“Normally they [ASI] inform us, we go fetch the idol, it is remanded back to the court, the court gives the idol back and we give it to the temple,” said Murali.
Of the idols ‘retrieved’ in the past year, two cases are still in court, but eight idols have been handed over to the respective temples. The temple authority also conducts ceremonies before accepting the idol.
Murali said that at times it is not possible to trace the exact temple from which the idol was stolen. In such cases, the idol goes into an ‘icon centre’ – a temperature-controlled space in Kumbakonam where it joins other lost idols. The keys are with the district magistrate.
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Vijay Kumar and his team at the India Pride Project, a team of volunteers who banded together in 2006 to trace stolen artefacts and works closely with the Idol Wing, said that Chola Bronzes are considered the highest watermark of Indian art.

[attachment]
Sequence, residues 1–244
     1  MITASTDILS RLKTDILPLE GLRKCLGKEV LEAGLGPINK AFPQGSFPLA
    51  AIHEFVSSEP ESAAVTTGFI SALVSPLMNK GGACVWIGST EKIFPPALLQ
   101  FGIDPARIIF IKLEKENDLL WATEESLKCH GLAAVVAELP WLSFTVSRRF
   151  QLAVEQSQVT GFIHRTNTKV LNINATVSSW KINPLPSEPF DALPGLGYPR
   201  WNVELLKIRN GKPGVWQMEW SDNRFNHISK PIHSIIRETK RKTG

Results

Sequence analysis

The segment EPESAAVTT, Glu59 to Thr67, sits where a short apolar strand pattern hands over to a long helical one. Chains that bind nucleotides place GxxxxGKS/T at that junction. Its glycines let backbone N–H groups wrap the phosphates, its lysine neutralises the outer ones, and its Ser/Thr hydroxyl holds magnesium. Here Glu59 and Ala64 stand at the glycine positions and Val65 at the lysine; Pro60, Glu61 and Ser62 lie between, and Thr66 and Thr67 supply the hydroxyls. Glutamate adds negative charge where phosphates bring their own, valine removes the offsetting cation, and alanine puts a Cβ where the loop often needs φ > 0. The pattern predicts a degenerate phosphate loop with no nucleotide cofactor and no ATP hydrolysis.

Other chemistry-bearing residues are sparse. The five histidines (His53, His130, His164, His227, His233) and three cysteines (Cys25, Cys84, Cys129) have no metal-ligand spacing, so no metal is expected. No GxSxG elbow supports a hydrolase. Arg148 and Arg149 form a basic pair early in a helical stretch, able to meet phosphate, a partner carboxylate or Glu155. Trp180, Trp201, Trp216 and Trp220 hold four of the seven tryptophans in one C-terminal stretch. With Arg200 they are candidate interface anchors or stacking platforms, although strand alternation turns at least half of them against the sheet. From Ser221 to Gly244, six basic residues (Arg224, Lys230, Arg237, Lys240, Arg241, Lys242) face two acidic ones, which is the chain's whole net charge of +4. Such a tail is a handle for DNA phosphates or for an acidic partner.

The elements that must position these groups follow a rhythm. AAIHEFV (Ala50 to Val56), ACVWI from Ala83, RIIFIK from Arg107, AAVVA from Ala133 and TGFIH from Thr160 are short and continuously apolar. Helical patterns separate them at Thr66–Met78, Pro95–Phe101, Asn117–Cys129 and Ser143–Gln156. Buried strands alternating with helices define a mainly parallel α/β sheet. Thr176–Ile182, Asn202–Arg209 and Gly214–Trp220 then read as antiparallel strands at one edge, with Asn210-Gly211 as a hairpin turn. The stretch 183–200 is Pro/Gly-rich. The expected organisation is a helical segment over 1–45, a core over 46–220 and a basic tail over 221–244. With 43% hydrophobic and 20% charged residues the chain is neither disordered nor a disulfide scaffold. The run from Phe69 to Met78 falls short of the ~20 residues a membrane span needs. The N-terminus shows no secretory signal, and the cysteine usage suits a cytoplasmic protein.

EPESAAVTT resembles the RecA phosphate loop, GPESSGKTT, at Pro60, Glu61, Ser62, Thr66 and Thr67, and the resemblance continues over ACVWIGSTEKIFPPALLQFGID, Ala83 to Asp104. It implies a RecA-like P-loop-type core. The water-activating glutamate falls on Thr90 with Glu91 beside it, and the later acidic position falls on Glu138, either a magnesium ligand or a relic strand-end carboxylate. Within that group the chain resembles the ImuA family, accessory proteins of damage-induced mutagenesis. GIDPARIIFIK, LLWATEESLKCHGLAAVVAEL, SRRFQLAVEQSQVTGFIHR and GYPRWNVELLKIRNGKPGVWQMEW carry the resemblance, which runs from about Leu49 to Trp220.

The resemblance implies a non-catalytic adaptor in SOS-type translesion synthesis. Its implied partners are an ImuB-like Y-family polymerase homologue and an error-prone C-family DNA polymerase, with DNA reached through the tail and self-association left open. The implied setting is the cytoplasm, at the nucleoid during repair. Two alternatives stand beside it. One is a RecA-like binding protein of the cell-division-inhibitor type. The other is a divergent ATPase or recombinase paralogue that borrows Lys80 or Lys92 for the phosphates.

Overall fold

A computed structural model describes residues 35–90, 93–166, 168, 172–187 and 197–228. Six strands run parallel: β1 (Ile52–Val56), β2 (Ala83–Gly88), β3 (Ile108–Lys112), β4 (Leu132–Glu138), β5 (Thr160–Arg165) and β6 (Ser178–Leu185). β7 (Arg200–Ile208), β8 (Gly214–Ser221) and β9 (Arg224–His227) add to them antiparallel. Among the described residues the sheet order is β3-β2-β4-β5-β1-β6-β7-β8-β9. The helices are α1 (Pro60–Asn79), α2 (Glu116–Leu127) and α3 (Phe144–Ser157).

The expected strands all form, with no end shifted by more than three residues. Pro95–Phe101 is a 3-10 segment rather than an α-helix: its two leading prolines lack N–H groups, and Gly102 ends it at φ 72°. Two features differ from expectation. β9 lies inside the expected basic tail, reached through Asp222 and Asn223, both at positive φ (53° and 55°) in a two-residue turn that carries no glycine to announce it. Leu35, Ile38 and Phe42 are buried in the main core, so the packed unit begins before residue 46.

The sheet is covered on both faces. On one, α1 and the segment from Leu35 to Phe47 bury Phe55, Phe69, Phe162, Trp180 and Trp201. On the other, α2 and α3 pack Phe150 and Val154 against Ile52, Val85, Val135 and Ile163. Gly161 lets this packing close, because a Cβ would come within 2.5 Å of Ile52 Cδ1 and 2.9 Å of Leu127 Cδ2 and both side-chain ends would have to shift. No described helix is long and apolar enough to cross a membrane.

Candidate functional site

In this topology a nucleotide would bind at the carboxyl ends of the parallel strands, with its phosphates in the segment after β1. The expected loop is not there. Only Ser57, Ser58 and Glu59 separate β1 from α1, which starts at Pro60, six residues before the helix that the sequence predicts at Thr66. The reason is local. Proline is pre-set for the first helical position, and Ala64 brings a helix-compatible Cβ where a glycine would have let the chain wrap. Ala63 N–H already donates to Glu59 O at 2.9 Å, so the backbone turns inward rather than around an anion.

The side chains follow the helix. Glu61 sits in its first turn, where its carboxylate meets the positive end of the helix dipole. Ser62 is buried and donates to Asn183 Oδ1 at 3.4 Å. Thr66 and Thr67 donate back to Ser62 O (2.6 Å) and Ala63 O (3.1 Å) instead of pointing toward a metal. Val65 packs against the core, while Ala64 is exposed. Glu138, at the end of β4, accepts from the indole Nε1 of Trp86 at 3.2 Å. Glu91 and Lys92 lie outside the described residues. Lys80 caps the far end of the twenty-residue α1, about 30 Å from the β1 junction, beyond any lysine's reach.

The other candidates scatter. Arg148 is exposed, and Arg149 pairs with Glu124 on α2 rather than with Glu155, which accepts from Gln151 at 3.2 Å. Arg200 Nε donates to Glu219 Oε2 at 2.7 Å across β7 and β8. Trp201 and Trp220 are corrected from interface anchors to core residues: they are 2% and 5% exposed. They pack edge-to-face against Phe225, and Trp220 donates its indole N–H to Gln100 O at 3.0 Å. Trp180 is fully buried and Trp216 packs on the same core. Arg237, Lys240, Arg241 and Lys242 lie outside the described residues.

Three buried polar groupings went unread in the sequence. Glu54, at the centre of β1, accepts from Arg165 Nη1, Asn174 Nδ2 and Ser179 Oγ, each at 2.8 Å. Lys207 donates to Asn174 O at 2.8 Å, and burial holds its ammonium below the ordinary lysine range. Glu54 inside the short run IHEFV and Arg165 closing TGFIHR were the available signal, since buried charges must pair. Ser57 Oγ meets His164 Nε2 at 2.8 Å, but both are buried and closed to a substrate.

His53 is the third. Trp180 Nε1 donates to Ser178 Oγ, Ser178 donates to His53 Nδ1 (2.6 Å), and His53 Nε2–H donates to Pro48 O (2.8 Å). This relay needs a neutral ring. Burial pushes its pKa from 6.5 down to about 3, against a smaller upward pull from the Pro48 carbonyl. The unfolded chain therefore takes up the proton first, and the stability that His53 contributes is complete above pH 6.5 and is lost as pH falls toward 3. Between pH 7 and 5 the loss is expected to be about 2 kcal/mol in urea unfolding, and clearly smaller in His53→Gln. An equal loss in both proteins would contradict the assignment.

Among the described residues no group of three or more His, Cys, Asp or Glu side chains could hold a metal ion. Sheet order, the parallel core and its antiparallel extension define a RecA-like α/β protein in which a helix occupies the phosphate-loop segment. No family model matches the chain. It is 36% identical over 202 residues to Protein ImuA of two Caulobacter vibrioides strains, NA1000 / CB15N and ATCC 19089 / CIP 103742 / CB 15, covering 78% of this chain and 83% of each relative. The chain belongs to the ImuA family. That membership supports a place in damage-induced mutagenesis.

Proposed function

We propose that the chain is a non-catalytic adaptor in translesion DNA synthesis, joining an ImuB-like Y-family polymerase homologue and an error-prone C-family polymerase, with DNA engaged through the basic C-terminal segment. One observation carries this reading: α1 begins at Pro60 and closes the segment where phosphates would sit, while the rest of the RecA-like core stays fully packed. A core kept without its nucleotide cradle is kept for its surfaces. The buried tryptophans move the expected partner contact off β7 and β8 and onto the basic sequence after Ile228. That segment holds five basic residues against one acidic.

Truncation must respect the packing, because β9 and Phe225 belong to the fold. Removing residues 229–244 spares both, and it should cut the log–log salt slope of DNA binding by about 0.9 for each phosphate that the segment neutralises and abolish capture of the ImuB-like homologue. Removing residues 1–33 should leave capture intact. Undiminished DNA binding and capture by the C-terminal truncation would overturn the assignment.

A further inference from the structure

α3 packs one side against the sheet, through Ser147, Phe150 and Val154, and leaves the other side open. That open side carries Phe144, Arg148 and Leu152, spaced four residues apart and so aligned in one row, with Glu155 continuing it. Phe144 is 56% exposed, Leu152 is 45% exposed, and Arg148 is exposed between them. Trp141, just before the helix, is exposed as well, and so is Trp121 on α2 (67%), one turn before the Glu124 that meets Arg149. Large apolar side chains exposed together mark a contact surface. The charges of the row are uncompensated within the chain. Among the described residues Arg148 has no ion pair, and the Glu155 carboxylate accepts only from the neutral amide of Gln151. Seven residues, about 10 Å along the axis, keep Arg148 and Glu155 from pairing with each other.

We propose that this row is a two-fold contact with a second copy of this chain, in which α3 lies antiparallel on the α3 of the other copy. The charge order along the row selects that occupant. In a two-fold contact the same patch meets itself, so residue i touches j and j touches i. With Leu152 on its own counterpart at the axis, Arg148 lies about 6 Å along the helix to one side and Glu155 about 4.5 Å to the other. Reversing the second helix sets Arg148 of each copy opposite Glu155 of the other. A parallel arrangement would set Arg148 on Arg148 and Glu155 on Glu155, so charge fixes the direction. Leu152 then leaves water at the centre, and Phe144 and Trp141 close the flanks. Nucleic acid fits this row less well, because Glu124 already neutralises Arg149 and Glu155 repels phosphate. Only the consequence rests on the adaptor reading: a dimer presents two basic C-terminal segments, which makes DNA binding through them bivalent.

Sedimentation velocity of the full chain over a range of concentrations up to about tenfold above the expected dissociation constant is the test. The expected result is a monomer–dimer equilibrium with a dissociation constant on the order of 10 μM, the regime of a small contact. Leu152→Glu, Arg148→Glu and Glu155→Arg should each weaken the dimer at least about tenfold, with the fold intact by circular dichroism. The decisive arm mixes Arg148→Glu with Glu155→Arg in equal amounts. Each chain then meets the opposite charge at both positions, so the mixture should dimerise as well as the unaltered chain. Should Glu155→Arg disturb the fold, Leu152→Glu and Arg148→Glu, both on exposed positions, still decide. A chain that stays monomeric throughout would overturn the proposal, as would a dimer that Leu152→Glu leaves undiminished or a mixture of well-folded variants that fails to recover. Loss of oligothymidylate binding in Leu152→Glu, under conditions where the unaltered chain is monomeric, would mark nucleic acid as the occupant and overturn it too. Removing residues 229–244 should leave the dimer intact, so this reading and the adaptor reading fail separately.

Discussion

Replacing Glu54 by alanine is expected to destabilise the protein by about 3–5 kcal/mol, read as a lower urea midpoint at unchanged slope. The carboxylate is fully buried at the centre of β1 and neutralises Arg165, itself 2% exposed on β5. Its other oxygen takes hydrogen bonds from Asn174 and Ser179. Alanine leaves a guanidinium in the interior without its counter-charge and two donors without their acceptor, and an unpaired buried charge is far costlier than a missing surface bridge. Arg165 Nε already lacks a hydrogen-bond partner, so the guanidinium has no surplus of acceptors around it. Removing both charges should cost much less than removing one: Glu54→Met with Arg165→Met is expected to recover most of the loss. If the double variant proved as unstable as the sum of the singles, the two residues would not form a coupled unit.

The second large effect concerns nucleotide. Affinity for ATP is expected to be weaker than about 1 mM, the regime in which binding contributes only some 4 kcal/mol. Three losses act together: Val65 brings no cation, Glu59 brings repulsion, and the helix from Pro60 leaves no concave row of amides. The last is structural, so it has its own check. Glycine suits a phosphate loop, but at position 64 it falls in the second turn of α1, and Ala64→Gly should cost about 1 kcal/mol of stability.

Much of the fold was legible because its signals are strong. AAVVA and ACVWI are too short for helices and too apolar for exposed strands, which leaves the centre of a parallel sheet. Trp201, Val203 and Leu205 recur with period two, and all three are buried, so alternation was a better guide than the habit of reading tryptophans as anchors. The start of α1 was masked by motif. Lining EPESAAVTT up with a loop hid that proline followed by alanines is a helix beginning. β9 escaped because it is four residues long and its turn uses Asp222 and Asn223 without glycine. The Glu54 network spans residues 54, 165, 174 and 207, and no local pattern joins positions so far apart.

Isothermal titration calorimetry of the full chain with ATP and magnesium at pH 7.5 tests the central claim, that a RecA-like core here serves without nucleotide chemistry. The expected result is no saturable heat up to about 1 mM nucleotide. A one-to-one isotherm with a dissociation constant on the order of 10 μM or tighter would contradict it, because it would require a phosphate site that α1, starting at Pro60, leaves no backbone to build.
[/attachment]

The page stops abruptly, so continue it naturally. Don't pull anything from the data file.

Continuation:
This systematic looting of priceless artefacts can be traced to the colonial era, with not just the British, but the French, and Dutch shipping pieces of India’s history to Europe. “These are colonial loot but we also came to a phase in the 1920s, when because of what was being taken back during the colonial loot, Indian art was getting visibility abroad,” said Kumar.
Today, in India, he says the situation is dire. No central agency is tasked with bringing back idols. For a few years now, Kumar has been writing opinion articles calling out the “collecting lobby cabal’s” attempts to dilute the Antiquities Act of 1972.
Originally, the Antiquities Act, 1972, required registration of any artefact that is 100 or more years old. Once registered, it becomes unexportable but remains available to trade within India. After an artefact is registered, the registering officer from the ASI is supposed to conduct an enquiry – the how and where are recorded. But if the government recognises it to be of national importance, it can acquire the artefact at the market rate.